Saturday, April 6, 2013

I am Nobody...

"Jesus loves the little children...
All the children of the world..."

"The biggest disease today is not leprosy or tuberculosis, but rather, the feeling of being unwanted."  Mother Teresa, from the book she authored: "Where There is Love, There is God: A Path to Closer Union with God and Greater Love" p. 82

Chapter 2 of the book, "No Longer a Slumdog" opens with this quote from Mother Teresa.  The author explains the history and origins of the caste system in India, dating back to over 1,500 years before Christ.  A cruel and dehumanizing system devised to protect the imagined superiority of the newly arrived Aryans in India over the indigenous peoples, this system allowed the Aryan minority to enrich themselves at the expense of the native peoples of India.  Thousands of years later, even though this system is officially outlawed by the government, the caste system still rules the minds and actual practices of the people of India.

To us as Americans, although we do experience some "class warfare" in our own nation, it is difficult to wrap our minds around a system as dehumanizing and brutal as the caste system in India.  K.P. Yohannan's book introduces the reader to a world of unimaginable deprivation and cruelty that leads to the rampant abuse and murder of men, women and children, based simply on the caste into which they were born.

In this system, caste is determined at birth and, as such, for those millions who live under the teachings of the caste system, there will never be any opportunity to rise above the caste an innocent child is assigned at birth.  The child born into the caste system, especially the lowest caste of all, the Dalits, or "Untouchables" is "cast off" at birth as sub-human, unworthy of the most basic human necessities - a simple home, food, clean drinking water, an opportunity to grow up and make a living, or live with any sense of human dignity.

As a Dalit, you are worthy of nothing but contempt.  You live in filth and are considered deserving of nothing more.  Literally, no one in the castes above you is allowed to even touch you, hence the name "Untouchables".  You will live and die in the slum you were born in.  Those who are above you consider you to be on the same level as a wild animal that ekes out a living eating from garbage cans and rolling in the mud.  You are nothing more than a "slumdog".

As a child of the Untouchables, you have no value beyond what others decide to do to you.  You will likely starve to death before you reach maturity, or you will be sold into child labor camps or child prostitution, where you may be tortured and murdered at the pleasure of your owner, often by the age of five.  Your parents may sell you because they have no hope of even feeding you when they cannot feed themselves.  If you are stolen or murdered, no one will report it, because no one cares.  You are nothing. 

This book is a shocking and eye-opening expose of the caste system in India, and the devastating effects it brings upon the familys of the Dalits, particularly the children.  It is tempting to put this book down and refuse to look at the horrors it describes.  But, these are children who are precious beyond measure to the Lord of the Universe, who suffered and died that they might be redeemed.  As followers of Jesus Christ, we have a vested interest in these children, simply because He cares for them.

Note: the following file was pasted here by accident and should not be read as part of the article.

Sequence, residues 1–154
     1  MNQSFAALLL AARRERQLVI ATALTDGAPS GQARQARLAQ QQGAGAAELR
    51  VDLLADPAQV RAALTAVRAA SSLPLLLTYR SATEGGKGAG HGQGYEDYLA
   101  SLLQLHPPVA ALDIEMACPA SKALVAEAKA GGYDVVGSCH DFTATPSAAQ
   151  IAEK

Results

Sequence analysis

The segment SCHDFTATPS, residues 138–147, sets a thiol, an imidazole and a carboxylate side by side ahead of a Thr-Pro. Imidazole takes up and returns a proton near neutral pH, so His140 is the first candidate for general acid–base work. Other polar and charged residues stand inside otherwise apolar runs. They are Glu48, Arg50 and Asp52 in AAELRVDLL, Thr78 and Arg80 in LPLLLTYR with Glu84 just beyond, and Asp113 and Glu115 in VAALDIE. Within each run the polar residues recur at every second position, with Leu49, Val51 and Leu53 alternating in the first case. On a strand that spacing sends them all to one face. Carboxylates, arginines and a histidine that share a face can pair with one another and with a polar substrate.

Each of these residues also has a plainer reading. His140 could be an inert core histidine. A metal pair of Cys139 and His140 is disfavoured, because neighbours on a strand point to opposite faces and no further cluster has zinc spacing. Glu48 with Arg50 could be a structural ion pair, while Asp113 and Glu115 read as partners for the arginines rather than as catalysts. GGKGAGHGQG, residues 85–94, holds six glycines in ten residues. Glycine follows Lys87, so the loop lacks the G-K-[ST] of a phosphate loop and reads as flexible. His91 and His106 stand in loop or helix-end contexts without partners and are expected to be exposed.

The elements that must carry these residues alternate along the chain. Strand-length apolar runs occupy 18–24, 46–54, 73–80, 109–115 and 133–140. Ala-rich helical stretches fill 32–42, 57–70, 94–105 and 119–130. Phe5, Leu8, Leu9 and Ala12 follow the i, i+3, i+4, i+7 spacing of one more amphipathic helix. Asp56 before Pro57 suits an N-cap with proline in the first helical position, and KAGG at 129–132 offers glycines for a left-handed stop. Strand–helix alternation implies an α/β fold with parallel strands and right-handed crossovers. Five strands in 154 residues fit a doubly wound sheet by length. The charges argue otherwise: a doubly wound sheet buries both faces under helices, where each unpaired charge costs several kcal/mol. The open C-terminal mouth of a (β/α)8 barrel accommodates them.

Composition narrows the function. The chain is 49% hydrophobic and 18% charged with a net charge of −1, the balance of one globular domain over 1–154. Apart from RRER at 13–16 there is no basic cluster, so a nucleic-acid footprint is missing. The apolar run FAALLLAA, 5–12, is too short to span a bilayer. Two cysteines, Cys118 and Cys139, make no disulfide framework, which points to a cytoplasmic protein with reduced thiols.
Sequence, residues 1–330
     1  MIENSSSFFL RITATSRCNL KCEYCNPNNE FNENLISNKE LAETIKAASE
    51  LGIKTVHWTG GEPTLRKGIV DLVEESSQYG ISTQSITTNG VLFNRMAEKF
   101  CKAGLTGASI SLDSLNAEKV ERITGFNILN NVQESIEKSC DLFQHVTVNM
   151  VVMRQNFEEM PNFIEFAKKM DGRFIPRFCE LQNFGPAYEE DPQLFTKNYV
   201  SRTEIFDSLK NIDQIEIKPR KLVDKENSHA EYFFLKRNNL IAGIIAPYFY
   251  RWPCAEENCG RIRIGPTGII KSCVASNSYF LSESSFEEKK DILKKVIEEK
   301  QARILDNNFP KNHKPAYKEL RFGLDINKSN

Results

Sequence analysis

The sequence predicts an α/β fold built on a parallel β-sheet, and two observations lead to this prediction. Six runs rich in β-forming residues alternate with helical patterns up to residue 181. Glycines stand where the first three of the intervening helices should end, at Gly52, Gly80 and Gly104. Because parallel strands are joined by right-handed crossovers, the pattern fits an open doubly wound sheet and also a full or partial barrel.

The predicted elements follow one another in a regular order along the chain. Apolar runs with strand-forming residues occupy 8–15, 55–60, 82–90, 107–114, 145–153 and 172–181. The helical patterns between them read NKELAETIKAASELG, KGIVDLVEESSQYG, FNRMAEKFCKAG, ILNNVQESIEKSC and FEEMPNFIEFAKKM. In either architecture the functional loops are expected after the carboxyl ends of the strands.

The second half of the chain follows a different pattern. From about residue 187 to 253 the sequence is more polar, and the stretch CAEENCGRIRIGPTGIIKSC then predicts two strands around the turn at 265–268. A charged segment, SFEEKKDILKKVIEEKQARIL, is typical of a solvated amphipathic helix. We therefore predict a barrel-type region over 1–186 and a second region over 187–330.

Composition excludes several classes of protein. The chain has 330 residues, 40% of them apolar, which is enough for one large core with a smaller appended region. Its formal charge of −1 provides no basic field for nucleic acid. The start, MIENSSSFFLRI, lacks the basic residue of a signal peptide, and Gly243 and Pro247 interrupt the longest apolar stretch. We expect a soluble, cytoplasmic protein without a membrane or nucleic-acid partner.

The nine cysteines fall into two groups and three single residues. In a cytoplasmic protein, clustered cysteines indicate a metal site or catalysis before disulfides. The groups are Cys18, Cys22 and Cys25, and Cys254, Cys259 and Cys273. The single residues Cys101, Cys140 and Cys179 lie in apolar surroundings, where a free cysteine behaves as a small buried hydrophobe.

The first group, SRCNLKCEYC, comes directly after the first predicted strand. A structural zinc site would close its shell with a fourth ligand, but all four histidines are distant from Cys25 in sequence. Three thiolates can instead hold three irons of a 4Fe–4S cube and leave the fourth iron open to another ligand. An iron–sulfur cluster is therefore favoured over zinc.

All throughout this startling and compelling book. the author challenges us to remember the words of Christ, the passion and compassion He always showed us for the little children that flocked to Him on the hillsides and roads of Israel.  He never turned them away, but always challenged His disciples to make room for the children - to care for them, for they are precious to our God.  On p. 72, Yohannan draws the reader to remember the words of Jesus in Matthew 18:10 (NASB) "See that you do not despise one of these little ones, for I say to you that their angels in heaven continually see the face of My Father who is in heaven".  We cannont turn away from the cries and anguish of these little ones without turning away from Christ, Himself...

I would like to close this post with a poem included in this book
(p. 45) written by the author from the perspective of one of the Dalit children.  It is heartbreaking...

I am nobody
Worthless my life is
To Untouchables I was born.
A Dalit child my fate sealed.
I was born in slums
Rights?  We have none
To upper-caste our lives we owe
Slaves to serve all their wish.
Poverty and hunger
Is all I ever knew
If there is hope
Tell me how?
What is my future?
Do I have any?
It all looks so dark
And I wish I was not born.


*Poem "I am Nobody" published by permission of gfa books, a division of Gospel for Asia. If you would like to receive a free copy of the book, "No Longer a Slumdog" by K.P. Yohannan, please send your request to: You may also like to consider sponsoring one of these children monthly through the Bridge of Hope. Contact to be a blessing to a child in desperate need.


  1. I find it extremely a God moment that I read your story when I just recently received my copy of The Slumdog book. Looking forward to reading it . We certainly do think alike.

  2. Yes, we do, Lottie. Glad you're reading it too. Yes, it is amazaing to see the threads God is weaving throughout the Body of Christ - I think you are right - this is indeed a "God moment"...


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